Grim is probably a good way of describing the atmosphere in Colombo when we (yours truly and spouse) landed there. The civil war was picking up momentum and the city was probably not in the best of spirits. But that did not dampen the hospitality. There were warm Ayu BhuvanS all around, questions on intent, sizing up of our wallets and commencement of a feeding frenzy by tour agents, Â all within the first ten minutes of arrival. In short it felt like a typical Asian tourist welcoming ritual despite the grimness in the air.
A few minutes of haggling later we got ourselves a ride to Negombo, a quaint little beach town near Colombo. Looking out of the window proved unsettling because often I found myself staring down barrels of big guns installed on the road side. There were men in uniform milling about everywhere. Our vehicle was stopped a few times, our passports were scrutinized and we were given once-overs a few times before we reached Negombo.
The plan was to rent a motorcycle and see as much of Sri Lanka as four days would allow us. Talking of plans, I am from the school of thought that believes that there are two kinds of trip one can embark on. One kind is planned to the minutest details and the other kind where you make just-in-time decisions. Over the years we have had our share of botched plans, missed connections and forgotten tickets. So we decided to let Sri Lanka be of the latter kind. We just had a skeleton of a plan that we could flesh out later. Or not. When we arrived in Colombo, we had been married for eightÂ days. We were enroute to Maldives which was to be our conventional honeymoon. At the last moment we decided to squeeze in an unconventional 4 days in Sri Lanka. Where best toÂ go out on a blind date with serendipity than in Serendip?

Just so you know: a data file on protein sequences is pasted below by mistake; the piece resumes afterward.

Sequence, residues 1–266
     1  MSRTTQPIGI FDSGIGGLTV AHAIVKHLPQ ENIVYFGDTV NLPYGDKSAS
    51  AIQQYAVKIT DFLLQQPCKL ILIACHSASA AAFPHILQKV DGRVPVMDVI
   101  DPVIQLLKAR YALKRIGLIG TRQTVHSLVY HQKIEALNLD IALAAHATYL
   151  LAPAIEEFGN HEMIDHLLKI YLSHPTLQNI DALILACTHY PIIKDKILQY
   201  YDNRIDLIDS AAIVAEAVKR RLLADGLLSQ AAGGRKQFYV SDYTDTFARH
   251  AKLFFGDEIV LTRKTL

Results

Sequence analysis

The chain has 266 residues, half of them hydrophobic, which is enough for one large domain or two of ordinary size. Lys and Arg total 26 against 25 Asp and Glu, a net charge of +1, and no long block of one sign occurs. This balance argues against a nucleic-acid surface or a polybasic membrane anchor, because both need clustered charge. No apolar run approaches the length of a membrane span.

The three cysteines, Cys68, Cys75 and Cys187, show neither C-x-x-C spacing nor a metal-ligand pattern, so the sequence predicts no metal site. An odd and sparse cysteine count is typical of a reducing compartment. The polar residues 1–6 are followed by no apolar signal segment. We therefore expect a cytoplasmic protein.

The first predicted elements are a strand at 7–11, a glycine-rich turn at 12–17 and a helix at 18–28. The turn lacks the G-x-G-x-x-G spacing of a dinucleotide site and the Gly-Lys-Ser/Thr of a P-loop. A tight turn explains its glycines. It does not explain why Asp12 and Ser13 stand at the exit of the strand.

However we soon discovered that lack of plans doesnâ€™t guarantee botch-up immunity. The day before the intended journey, we found out that our tickets were booked in two different flights which were 12 hours apart. That would have cut short the Sri Lankan trip by a day. So I set out to do what I do best, namely sweet talking customer care reps into cleaning up the mess I get myself into. Sri Lankan airlines graciously changed our tickets to the earlier flight. The next problem came in the form of paper work. All through our grand plans, we had not given much thought to the fact that you generally need a small piece of paper called license to ride a motorized vehicle. Both of us had valid motorcycle licenses in India, but no International permits. But we put our trust in the general lawlessness that prevail in south east Asian countries and it came to our rescue.Without much ado, the folks at the rental shop handed us keys to a 250 cc Honda. Just out of curiosity, I threw the question on the table. â€�Should we be worried if a cop flags us down?â€� After a few minutes of uncomfortable silence, he said â€œSir, you look Sri Lankan. They wonâ€™t stop you. But madam you keep your helmet and sunglasses onâ€�. Â